Federal Court of Appeal remits decision based on hearsay evidence back to the Federal Court for redetermination

Federal Court of Appeal remits decision based on hearsay evidence back to the Federal Court for redetermination

Pfizer Canada Inc v Teva Canada Limited, 2016 FCA 161

Stakes can be very high in patent lawsuits, compelling parties to include as much evidence in their favour as possible. However, as with any type of litigation, it is important for parties to ensure they are not relying on hearsay evidence.

In this decision, the Federal Court of Appeal (“FCA”) remitted a proceeding back to the Federal Court (“FC”) for redetermination after agreeing with the appellant, Pfizer Canada Inc. (“Pfizer”), that part of Teva Canada Limited’s (“Teva”) evidence in the FC decision was based on hearsay. [5]

Founded on this hearsay evidence, the FC had previously ordered Pfizer to pay a total of $92 million in damages and $32 million in pre-judgement interest. [2] Pfizer sought reversal of the FC decision on a number of bases, [3] but the FCA only agreed with the issue pertaining to the reliance upon the hearsay evidence at trial. [4]

Background: Evergreening Effexor XR

Pfizer had been marketing an extended release version of the drug venlafaxine hydrochloride (“venlafaxine”) under the name Effexor XR, which depended on Canadian Patent No. 1,248,540 (“the ‘540 Patent”). [19] The ‘540 Patent was due to expire on January 10, 2006 and was listed on the Patent Register against Effexor XR. [19] Around the same time, Teva wanted to market its generic version of venlafaxine and filed an abbreviated new drug submission, but Health Canada’s review of it stated that a Notice of Compliance would not be issued until requirements under the Patented Medicines (Notice of Compliance) Regulations (“PM(NOC) Regulations”) were met. [20] Just before the ‘540 Patent expired, Pfizer was issued Canadian Patent No. 2,199,778 (“the ‘778 Patent”), which covered the extended release formulation of venlafaxine, and listed it on the Patent Register against Effexor XR. [21]

Teva issued a Notice of Allegation on the same day as the ‘778 Patent’s registration, in which it accepted that its Notice of Compliance for its generic would not issue until the expiry of the ‘540 Patent, and alleged that the ‘778 Patent was invalid or would not be infringed by its generic. [22] Pfizer applied for a prohibition preventing the Minister of Health (“the Minister”) from issuing a Notice of Compliance to Teva, which triggered the automatic twenty-four month stay of the Minister’s ability to grant a Notice of Compliance to Teva. [22] The litigation that ensued showed that the ‘778 Patent was ineligible for listing on the Patent Register. [24] Teva was eventually granted its Notice of Compliance and launched its product into the Canadian market in 2007. [25]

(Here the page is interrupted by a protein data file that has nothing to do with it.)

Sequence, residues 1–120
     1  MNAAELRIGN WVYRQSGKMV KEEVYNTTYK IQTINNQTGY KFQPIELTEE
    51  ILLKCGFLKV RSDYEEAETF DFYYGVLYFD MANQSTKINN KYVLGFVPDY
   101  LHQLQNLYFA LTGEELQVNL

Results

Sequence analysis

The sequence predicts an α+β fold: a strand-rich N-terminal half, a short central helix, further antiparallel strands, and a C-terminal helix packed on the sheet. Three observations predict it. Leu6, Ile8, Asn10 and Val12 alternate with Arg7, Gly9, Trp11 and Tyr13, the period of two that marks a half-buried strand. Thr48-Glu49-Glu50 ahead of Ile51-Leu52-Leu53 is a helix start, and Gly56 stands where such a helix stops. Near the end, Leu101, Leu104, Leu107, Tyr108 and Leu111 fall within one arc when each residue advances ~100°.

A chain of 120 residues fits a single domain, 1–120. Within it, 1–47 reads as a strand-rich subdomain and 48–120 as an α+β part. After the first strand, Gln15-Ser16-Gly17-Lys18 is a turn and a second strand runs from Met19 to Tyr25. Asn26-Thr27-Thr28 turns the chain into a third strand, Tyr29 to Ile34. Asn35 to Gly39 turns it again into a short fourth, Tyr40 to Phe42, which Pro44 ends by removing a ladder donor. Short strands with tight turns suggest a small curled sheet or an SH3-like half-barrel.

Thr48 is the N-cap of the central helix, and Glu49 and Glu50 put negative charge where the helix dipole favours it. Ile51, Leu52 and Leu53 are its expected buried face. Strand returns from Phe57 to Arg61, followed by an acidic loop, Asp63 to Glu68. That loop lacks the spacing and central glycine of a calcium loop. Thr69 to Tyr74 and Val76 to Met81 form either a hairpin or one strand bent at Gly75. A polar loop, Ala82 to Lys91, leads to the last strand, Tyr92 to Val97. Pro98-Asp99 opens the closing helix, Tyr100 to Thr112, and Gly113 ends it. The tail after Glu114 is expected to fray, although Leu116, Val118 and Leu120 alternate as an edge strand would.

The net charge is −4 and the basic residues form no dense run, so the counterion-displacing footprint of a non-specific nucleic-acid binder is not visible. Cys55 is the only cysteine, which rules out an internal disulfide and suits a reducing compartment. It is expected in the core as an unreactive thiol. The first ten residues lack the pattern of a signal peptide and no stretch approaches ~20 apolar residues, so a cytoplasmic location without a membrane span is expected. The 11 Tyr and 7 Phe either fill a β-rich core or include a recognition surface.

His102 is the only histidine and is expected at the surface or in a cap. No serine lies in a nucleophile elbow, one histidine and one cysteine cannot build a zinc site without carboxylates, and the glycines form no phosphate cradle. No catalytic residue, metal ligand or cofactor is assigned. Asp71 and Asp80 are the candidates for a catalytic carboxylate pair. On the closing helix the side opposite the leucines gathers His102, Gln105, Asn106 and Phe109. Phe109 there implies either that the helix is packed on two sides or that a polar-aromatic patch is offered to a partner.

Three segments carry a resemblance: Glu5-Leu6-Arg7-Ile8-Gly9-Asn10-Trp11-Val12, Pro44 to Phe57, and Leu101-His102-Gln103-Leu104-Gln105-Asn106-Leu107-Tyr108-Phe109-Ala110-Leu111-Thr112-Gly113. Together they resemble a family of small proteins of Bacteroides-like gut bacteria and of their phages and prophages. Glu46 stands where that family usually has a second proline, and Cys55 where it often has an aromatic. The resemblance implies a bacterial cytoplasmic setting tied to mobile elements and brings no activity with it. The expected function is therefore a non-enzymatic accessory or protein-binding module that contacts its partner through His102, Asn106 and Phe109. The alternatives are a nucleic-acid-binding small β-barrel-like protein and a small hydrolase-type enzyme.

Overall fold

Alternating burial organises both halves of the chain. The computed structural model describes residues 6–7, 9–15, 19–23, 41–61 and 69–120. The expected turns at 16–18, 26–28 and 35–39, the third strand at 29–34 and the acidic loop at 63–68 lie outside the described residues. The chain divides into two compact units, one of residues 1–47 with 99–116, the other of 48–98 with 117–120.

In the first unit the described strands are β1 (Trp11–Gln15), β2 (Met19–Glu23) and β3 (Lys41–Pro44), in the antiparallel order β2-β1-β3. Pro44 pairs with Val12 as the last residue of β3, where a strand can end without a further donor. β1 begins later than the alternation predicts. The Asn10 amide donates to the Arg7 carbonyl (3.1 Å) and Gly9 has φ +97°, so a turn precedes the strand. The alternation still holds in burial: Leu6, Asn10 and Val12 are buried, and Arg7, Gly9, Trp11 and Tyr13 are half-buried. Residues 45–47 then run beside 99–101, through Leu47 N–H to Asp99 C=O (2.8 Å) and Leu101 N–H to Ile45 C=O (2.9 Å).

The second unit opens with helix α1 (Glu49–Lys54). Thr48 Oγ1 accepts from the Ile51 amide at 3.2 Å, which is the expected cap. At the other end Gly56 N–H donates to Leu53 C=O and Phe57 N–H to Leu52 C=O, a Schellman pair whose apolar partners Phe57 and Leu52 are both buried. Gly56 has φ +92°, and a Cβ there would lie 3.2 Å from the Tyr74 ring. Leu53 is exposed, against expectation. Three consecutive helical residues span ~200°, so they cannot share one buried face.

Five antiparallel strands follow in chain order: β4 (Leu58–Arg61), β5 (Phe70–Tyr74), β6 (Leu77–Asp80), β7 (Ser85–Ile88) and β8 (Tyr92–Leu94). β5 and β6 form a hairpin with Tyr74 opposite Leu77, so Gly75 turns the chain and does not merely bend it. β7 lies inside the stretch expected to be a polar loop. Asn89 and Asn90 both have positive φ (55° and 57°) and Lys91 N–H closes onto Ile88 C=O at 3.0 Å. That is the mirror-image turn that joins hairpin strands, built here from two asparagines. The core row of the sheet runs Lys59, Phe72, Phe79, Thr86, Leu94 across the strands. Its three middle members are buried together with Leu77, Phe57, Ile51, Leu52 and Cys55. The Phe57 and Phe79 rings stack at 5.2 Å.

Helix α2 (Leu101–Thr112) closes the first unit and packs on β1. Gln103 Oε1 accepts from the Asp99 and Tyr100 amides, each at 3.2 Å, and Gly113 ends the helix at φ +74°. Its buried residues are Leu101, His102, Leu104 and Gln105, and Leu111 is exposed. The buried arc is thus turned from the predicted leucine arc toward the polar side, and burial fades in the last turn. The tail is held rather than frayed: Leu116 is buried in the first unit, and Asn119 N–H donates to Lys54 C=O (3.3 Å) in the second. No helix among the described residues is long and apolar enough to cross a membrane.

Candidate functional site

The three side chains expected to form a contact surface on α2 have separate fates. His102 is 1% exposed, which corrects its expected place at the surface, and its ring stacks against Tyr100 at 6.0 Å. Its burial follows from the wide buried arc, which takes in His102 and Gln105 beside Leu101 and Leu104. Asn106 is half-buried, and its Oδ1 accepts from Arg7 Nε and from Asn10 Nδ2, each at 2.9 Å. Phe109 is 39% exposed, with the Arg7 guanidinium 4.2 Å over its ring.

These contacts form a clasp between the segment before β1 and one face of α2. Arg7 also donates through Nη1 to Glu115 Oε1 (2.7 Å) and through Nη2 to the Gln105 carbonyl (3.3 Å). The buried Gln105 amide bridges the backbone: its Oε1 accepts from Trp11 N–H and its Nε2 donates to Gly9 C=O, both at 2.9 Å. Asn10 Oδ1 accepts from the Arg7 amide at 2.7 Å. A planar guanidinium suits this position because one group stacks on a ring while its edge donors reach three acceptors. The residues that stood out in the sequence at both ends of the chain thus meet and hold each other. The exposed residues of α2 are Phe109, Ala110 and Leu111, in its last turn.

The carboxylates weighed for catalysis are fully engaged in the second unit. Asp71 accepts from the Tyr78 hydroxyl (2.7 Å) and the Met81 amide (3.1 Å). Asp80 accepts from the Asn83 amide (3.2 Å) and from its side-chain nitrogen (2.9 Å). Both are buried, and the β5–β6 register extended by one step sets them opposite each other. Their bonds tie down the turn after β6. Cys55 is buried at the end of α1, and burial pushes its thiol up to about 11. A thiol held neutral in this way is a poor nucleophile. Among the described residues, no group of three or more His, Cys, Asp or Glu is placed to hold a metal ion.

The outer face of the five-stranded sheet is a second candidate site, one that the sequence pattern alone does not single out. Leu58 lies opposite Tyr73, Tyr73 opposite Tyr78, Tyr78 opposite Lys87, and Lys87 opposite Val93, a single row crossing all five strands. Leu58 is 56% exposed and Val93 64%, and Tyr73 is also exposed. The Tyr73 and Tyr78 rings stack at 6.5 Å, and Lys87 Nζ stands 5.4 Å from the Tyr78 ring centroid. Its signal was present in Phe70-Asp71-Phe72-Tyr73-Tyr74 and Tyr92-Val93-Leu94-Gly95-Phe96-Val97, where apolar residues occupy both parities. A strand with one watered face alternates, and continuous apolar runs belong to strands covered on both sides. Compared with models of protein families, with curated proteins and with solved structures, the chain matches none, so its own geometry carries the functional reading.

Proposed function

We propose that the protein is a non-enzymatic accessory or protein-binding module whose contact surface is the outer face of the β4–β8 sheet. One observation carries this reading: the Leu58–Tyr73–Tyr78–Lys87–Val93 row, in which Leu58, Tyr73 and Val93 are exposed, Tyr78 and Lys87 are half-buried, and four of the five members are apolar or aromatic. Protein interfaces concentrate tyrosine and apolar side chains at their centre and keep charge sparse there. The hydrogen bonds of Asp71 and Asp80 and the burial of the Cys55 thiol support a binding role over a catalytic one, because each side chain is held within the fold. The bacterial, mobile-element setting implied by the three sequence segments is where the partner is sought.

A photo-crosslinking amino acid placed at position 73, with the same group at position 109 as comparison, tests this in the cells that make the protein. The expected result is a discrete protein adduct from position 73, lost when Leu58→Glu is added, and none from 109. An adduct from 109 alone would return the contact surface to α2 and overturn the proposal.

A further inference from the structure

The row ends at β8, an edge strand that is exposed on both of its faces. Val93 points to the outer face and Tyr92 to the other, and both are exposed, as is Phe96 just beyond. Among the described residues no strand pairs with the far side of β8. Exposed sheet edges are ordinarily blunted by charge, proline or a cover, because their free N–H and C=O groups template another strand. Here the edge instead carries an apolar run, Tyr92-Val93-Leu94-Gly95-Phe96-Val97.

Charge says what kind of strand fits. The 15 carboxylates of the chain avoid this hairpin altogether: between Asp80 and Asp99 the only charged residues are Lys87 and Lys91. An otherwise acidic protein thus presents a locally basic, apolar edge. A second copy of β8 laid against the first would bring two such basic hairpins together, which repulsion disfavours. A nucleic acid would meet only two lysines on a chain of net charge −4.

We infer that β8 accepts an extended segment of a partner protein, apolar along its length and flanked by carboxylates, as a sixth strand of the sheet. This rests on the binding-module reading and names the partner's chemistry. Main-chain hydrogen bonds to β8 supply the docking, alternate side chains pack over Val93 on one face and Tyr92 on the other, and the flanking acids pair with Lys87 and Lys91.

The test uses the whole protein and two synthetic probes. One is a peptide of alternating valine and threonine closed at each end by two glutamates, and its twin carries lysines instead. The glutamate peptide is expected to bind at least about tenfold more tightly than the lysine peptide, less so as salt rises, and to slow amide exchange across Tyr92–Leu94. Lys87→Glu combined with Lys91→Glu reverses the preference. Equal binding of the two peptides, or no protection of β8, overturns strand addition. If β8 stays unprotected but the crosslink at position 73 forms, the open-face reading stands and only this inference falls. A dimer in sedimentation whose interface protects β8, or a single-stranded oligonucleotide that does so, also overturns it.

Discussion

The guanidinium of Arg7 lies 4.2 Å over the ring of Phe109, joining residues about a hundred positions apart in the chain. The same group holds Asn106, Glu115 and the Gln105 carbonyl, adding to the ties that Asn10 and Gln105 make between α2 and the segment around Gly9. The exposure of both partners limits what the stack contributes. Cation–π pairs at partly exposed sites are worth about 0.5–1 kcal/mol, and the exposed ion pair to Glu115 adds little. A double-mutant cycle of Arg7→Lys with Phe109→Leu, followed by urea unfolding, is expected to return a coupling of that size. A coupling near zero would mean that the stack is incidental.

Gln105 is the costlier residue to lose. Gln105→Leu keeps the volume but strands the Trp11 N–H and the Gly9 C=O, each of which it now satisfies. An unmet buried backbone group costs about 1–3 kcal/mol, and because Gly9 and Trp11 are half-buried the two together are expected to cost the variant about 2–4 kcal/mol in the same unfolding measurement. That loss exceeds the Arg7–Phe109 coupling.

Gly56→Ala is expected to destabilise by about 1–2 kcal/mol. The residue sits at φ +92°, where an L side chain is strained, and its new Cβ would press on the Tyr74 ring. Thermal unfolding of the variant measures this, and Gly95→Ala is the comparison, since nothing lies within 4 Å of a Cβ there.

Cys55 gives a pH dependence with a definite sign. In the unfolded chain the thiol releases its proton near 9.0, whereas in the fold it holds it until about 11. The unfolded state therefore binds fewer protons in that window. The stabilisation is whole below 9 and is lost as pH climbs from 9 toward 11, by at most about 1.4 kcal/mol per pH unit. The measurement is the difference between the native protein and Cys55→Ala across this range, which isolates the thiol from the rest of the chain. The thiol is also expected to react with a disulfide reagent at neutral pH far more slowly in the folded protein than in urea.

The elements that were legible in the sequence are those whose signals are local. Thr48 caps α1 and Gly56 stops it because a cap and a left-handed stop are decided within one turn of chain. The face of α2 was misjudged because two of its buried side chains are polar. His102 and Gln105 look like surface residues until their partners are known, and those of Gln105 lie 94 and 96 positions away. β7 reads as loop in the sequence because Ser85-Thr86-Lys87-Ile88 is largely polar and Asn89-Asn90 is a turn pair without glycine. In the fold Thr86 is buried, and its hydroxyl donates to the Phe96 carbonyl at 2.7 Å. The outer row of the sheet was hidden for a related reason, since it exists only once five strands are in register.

The current decision stems from the premise that Pfizer should have neither listed the ‘778 Patent on the Patent Register for Effexor XR nor brought a prohibition application. Under section 8 of the PM(NOC) Regulations, Teva sought damages for having its version of venlafaxine being kept off the market. [26] This was precisely how Teva proceeded. [27]

Hearsay in the “but for” world

As the FCA had decided to remit the case back to the FC for determination, it focused primarily on the hearsay issue. This issue was specifically based on Pfizer’s submissions that the FC wrongly admitted and relied upon hearsay evidence in determining whether Teva could have supplied the market with its venlafaxine product at the relevant time and in sufficient quantities. [43] The FCA assessed the admissibility of hearsay evidence in constructing a “but for” world.

The FC had held that Teva must “show on the balance of probabilities that [it] was able to supply the market” in the “but for” world. [72] The FCA noted that this would include both the “could” and “would” have supplied analyses, [72] and even if the FC appreciated that Teva had to prove it could have supplied its version, it wrongly admitted hearsay evidence on this point. [75]

Teva’s witness had provided some first-hand evidence, but had also provided evidence based on things told to him by personnel at a drug manufacturing plant and other Teva employees who received that information from personnel at a manufacturing plant. [76] The FCA found that the former was hearsay, while the latter was double hearsay. [76] Pfizer asserted that the FC had improperly admitted hearsay evidence, which the FCA agreed with. [77]

In offering some guidance to the FC, [163] the FCA stated that the redetermination should decide upon whether and to what extent Teva is entitled to section 8 damages, and is to be conducted by applying proper legal principles to the admissible evidence in the record. [164] It was not, in the FCA’s view, enough to establish Teva would and could have access to sufficient supplies on the balance of probabilities by pointing only to sufficient manufacturing capacity a long time before the relevant time and the willingness of Teva’s manufacturer to keep Teva happy. [165]

Commentary

With patent litigation becoming increasingly complex, it is paramount that the fundamental principles of the court process be adhered to. This decision also touches on the controversial practice of evergreening of pharmaceutical drugs, a subject which has also garnered a fair amount of criticism worldwide. Many drug originators use evergreening as a means to prevent generic manufacturers from being able to bring their own versions onto the market. Excerpts from the FC decision suggest that evergreening Effexor XD was at the heart of this dispute, in that Pfizer should have known that Teva, or another generic manufacturer, would likely serve it with a Notice of Allegation, rather than waiting years to gain entry into the venlafaxine market.

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